Roswell UFO Incident
Such a mixed bag of public reactions described above is perhaps only to expect, considering the totality of all surrounding circumstances. This is clearly evidenced by enormous notoriety the Incident gained during intervening decades since its initial development, thanks to numerous books, TV documentaries, news reports and even at least one made-for-TV movie.
Following is an overview of the 1947 Roswell, New Mexico UFO Sighting. It is offered in a spirit of hopeful expectation that readers will draw their own conclusions, based on unbiased observation.
How the 1947 Roswell UFO Tale took shape and has taken off like a rocket ever since
The long-running Roswell UFO Saga first launched during a severe thunderstorm late one evening in early July of 1947. During that spell of inclement weather, some type of spacecraft zoomed down from the sky and crash- landed on a tract of private land close to Corona, New Mexico. Known locally as the "Foster Ranch," the crash site was actually much closer to Corona than Roswell. Despite that, it became associated with Roswell, which was the location of a military installation that later became integral to the story.
The day after the crash, Foster Farm foreman William "Mac" Brazel and a seven-year old lad who lived nearby named Dee Proctor reportedly discovered remnants of the wrecked flying saucer. Various pieces were purportedly scattered throughout a large area estimated to be longer than 1/2 mile. Brazel later claimed the recovered pieces were made of a peculiar metallic substance unlike anything he'd ever seen before in his entire life. Accordingly, Brazel contacted local law enforcement agencies that in turn notified military authorities at nearby Roswell Air Field (RAF).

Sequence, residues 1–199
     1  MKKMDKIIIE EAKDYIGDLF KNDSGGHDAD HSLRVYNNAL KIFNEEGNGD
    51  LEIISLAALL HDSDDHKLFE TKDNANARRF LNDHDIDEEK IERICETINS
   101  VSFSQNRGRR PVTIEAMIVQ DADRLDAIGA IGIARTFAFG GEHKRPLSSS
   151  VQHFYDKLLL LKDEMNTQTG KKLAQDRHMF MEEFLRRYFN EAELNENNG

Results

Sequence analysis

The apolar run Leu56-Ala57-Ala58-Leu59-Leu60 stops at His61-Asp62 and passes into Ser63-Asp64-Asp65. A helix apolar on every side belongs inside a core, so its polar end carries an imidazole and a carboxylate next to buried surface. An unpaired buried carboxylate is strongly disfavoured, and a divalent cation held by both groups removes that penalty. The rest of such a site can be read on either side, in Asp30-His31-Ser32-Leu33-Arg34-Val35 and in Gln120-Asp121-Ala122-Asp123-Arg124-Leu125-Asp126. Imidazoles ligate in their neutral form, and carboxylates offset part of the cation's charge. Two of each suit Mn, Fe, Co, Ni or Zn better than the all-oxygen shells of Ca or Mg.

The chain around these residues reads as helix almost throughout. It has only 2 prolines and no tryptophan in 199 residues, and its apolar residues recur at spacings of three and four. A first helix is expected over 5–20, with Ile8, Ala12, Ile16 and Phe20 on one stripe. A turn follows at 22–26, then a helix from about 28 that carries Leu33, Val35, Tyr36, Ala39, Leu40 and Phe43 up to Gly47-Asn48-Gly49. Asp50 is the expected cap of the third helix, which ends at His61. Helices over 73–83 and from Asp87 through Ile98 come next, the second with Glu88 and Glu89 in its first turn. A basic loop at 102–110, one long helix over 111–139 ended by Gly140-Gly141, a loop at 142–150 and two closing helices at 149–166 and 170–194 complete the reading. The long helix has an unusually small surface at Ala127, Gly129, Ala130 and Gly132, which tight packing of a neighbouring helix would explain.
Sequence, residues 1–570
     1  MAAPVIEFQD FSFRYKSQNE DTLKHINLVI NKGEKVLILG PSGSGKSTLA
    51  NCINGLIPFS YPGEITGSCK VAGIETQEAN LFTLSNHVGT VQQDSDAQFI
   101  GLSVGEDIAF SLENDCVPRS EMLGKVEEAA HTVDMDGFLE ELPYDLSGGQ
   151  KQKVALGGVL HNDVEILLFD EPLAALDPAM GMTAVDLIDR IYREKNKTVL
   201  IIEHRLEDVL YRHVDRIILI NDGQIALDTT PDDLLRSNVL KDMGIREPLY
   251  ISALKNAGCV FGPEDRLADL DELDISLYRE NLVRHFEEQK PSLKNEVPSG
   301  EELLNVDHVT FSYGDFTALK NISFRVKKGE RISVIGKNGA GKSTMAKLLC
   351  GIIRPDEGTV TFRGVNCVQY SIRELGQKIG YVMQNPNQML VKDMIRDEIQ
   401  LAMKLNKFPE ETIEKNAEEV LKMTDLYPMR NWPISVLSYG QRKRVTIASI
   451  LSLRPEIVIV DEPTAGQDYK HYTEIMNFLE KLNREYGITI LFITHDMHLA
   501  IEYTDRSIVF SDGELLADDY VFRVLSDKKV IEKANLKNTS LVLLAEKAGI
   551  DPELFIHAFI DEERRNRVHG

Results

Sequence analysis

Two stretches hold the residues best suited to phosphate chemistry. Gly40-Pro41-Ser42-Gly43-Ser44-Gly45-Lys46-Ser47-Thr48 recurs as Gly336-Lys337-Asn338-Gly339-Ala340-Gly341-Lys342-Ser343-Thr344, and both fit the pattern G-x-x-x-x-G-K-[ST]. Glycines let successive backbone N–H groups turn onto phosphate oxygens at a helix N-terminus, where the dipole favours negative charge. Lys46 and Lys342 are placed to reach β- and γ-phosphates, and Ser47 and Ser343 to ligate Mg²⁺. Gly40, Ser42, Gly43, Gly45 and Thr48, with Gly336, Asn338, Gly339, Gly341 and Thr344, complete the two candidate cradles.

Meanwhile, many reports began to surface from many local residents who claimed to have seen the remains of alien extraterrestrial humanoid beings that U.S. military personnel recovered several miles away from the crash site.
Amid an ensuring frenzy of intense public interest, the U.S. Armed Forces made an official announcement that the crashed vehicle was merely an ordinary weather balloon used by meteorologists to forecast weather conditions. The U.S. Government Accoutability Office has a full report on the 1947 weather balloon crash at Roswell. Per one popular account, however, U.S. military officials concealed the true purpose of the crashed device as nuclear test monitoring. Nevertheless, the incident gradually faded from collective memory into relative obscurity for nearly the next three decades.
However, widespread interest resurged during the late 1970s that was apparently sparked by many UFOlogist claims that at least one extraterrestrial spacecraft had indeed crashed. In addition, these same conspiracy theorists openly accused the U.S. military of deliberately covering up its discovery of alien occupants' remains.
Primarily cited Roswell UFO Sighting eyewitness problems
Despite several hundred eyewitness accounts compiled and published by various sources that ranged from investigative journalists to scholarly researchers, skeptics opine that very few of those self-identified witnesses reported actually seeing any alien remains or wreckage debris. By stark contrast, critics posit that a vast majority of subjects interviewed simply recited previously made third-party claims. Consequently, UFO skeptics point out that such eyewitness accounts are merely hearsay and therefore inadmissible in a court of law.
One widely cited case in point is "The Roswell Incident." Published in 1980 and co-authored by Charles Berlitz and William Moore, the documentary was the first conspiracy theory book that emerged regarding the 1947 Roswell UFO incident. Berlitz and Moore had previously written best-selling volumes about the infamous Philadelphia Experiment and the Bermuda Triangle. In "The Roswell Incident," however, those noted authors claimed to have interviewed 90 witnesses, but recounted just 25 witness narratives. Of those 25, only seven made claims of having actually seen wreckage debris. Of those seven, five claimed to have personally handled debris.